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Cosby: His Life and Times by Mark Whitaker
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Cosby: His Life and Times

by Mark Whitaker

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ARC provided by NetGalley

This is one of those books that is difficult to review, because real life events showed up and broke the facade that many readers have of Bill Cosby. While Whitaker does an excellent job of discussing Cosby’s role and influence on modern comedy and his upbringing and early life, he neglects or writes off many of the allegations such as rape, affairs, gambling problems, and illegitimate children. While the last three are mentioned, briefly, Cosby still comes off looking like a saint and a hero that he was once viewed as.

It is never an easy thing to write a book about someone that has had a prominent voice and an almost fatherly figure for so many, that has faltered and fallen from the pedestal. And Whitaker fails to capture Cosby as a real person, outside of his comedy, and thus doesn’t really give us a full picture of him. As such this is only half of a biography and the rest will have to be written at a later date, by someone that never had him on that pedestal. 2.5 out of 5 stars. ( )
  zzshupinga | Jan 8, 2015 |
Both fiction and non-fiction have their own set of “rules” which needs to be followed in order to make the final product successful.

While fiction can be anything/everything an author creates through the use of mere words; non-fiction can be not only rather dull to write, it can be quite boring to read; just recall the textbooks you needed to read in high school and college, containing one boring fact after another. And of all the various non-fiction subject matters an author can write about, biographies tend be the most daunting, especially if you want to do it well and not lose your audience’s interest in the process.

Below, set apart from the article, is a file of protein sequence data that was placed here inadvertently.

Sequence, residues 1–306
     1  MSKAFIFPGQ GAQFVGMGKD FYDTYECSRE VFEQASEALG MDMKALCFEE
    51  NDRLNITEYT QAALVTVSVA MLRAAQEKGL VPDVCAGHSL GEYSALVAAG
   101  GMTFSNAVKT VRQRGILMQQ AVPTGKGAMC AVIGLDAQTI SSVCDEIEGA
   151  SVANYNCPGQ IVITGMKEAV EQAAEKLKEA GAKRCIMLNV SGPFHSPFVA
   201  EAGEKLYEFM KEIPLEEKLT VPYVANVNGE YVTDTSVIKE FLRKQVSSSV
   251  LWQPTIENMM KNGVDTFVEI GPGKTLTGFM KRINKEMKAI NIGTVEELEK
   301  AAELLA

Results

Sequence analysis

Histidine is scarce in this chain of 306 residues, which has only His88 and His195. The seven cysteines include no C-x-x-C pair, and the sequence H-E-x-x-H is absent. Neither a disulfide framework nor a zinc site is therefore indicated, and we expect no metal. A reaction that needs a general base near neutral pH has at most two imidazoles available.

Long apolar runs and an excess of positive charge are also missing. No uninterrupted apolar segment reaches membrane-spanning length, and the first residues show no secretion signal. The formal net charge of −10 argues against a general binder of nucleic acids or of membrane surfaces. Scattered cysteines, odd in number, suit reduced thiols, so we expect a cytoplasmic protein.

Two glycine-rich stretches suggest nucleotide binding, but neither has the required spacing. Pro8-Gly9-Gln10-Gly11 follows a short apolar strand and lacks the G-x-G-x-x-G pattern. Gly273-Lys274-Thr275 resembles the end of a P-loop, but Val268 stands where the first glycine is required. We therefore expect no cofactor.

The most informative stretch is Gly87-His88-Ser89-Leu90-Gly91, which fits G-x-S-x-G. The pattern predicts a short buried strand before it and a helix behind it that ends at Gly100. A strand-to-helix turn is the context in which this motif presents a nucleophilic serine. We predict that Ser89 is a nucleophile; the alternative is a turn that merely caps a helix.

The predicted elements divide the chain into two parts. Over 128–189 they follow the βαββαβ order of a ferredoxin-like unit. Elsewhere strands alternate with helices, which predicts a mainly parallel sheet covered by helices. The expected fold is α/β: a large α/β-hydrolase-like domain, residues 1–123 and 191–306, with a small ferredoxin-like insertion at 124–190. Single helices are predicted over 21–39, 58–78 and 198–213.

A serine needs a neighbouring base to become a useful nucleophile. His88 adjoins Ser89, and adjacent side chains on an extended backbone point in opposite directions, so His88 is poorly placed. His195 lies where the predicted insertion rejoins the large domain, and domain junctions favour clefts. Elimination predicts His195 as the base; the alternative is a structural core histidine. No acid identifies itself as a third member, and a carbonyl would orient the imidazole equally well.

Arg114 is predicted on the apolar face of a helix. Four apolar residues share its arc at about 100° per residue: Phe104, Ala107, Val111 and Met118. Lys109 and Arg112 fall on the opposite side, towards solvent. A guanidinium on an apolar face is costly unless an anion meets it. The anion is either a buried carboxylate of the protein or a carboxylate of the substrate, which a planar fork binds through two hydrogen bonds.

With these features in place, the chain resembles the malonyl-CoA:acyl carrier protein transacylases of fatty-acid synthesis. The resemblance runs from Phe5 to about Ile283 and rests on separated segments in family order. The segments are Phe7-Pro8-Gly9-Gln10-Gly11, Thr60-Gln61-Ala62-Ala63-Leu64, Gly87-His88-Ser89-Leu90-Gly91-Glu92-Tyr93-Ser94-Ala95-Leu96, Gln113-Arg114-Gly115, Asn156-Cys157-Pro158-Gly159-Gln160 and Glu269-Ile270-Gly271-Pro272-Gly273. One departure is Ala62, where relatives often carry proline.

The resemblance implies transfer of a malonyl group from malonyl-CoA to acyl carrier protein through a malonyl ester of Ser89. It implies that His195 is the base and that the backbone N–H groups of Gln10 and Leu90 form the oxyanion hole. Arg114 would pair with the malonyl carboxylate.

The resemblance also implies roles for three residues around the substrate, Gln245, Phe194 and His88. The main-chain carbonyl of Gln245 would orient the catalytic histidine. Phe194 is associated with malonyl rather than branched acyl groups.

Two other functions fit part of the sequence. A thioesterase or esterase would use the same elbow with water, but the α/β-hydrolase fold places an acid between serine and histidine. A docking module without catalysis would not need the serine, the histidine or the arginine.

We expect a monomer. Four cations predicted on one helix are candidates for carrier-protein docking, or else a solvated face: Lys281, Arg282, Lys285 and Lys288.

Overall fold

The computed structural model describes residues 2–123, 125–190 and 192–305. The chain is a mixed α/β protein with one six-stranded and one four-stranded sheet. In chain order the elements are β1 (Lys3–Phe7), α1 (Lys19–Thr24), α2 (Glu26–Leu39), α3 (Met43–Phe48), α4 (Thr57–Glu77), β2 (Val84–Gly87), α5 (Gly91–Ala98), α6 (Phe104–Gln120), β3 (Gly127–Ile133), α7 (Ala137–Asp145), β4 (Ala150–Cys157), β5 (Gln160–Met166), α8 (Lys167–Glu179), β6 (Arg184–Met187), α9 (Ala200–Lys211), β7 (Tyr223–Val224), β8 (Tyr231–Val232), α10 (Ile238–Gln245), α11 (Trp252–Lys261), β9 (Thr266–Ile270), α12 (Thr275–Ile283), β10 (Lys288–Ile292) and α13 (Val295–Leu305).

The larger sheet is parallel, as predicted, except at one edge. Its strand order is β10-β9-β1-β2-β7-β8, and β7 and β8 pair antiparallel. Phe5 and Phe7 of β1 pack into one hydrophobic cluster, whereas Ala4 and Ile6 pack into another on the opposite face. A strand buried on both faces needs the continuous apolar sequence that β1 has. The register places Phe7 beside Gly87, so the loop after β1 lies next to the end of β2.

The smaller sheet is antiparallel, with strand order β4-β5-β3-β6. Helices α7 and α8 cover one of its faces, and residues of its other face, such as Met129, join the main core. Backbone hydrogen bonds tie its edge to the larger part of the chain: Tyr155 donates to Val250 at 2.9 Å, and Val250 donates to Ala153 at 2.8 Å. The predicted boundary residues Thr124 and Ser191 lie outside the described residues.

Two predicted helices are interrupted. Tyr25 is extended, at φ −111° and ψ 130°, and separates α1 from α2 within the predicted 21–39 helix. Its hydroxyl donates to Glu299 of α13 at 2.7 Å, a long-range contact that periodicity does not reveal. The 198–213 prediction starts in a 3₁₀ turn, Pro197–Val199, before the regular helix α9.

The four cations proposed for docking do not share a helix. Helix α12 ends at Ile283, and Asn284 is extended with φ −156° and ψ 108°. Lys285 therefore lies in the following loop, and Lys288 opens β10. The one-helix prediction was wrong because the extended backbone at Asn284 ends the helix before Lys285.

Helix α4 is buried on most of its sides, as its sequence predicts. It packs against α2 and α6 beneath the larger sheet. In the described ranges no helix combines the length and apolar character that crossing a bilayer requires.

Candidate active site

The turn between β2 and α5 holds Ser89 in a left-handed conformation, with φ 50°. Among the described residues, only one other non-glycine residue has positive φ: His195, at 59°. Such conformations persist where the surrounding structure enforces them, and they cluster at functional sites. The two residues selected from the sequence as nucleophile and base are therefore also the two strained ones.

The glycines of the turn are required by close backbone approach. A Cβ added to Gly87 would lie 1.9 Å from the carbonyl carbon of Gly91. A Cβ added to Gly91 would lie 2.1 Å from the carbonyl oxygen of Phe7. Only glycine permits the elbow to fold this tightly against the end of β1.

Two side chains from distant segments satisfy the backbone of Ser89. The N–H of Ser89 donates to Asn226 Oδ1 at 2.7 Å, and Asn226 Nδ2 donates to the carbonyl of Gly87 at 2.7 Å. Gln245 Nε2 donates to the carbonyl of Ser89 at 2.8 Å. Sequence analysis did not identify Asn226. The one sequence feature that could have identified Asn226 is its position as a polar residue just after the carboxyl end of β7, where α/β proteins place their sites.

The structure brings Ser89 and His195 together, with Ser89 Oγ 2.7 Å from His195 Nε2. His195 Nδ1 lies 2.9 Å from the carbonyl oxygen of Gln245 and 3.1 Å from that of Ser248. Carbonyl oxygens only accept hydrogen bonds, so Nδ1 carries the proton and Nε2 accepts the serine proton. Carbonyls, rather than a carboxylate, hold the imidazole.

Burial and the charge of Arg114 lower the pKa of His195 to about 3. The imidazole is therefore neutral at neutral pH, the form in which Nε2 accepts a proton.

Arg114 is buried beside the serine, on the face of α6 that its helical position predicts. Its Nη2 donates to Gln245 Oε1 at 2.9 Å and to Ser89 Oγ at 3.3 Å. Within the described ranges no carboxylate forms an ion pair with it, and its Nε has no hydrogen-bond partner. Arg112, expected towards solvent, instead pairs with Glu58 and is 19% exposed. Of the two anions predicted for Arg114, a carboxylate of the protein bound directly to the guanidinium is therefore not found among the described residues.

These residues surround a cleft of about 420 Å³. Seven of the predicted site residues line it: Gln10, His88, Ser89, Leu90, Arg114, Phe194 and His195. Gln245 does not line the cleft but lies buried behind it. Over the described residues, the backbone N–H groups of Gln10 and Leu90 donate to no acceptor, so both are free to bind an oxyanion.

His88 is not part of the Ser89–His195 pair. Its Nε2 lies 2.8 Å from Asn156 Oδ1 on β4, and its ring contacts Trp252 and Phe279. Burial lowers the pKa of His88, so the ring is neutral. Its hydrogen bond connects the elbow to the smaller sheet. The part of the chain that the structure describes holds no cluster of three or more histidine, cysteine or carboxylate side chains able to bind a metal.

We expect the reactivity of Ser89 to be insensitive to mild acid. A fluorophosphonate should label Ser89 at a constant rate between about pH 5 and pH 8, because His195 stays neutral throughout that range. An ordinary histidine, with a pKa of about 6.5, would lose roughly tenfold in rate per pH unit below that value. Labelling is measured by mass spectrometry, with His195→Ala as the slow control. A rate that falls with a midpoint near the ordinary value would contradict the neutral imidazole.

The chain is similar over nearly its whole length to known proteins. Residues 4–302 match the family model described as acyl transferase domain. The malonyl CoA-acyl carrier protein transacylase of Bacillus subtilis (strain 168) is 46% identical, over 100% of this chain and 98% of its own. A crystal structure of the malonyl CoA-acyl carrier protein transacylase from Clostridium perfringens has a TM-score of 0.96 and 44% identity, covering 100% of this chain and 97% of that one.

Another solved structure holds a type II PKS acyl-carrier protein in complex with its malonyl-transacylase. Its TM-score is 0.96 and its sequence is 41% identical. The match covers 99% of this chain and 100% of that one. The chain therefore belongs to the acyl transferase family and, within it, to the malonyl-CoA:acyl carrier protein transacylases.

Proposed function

A person’s life is merely a collection of minutia of personal data; and this is where almost all biographers, in my opinion, fail in presenting this data to their readers in a manner which is not only informative but also entertaining.

Mark Whitaker, on the other, has succeeded in presenting an extensively researched biography of one of America’s best beloved entertainers, Bill Cosby. Mr. Whitaker, it becomes quite apparent as one reads this biography, uses his years of experience of being a reporter and editor at Newsweek, as well that of being the managing editor at CNN to create the work he has produced here.

The episodic approach used in writing this biography makes it read more like a novel than a biography, as each chapter of this book takes us through another phase in the life of Bill Cosby.

Mark Whitaker’s use of the reminiscences of Mr. Cosby and his friends and family, coupled with countless hours of research, followed by the apparent arduous task of gleaning all the information he’s collected into this book, makes each chapter come alive. Each chapter could have been viewed as an item on CNN.

In reviewing this book I feel it is more notable to concentrate on the attributes of the book itself rather than to dwell on any particular portion of the extraordinary life of Bill Crosby.

“COSBY – His Life and Times” by Mark Whitaker is a definite MUST READ for all those who have admired and appreciated any of the work Mr. Crosby has done, as not only as an entertainer or author, but as an educator and humanitarian as well.

I’m therefore not hesitating in giving this book the 5 STARS it so richly deserves.

Please note I had received an early release copy of the final hardcover book through a giveaway drawing on GoodReads; and that the above has been my honest opinion of the book.

Robin Leigh Morgan is the self-published author of “I Kissed a Ghost,” a MG/YA Paranormal romance novel. ( )
  MyPenNameOnly | Oct 6, 2014 |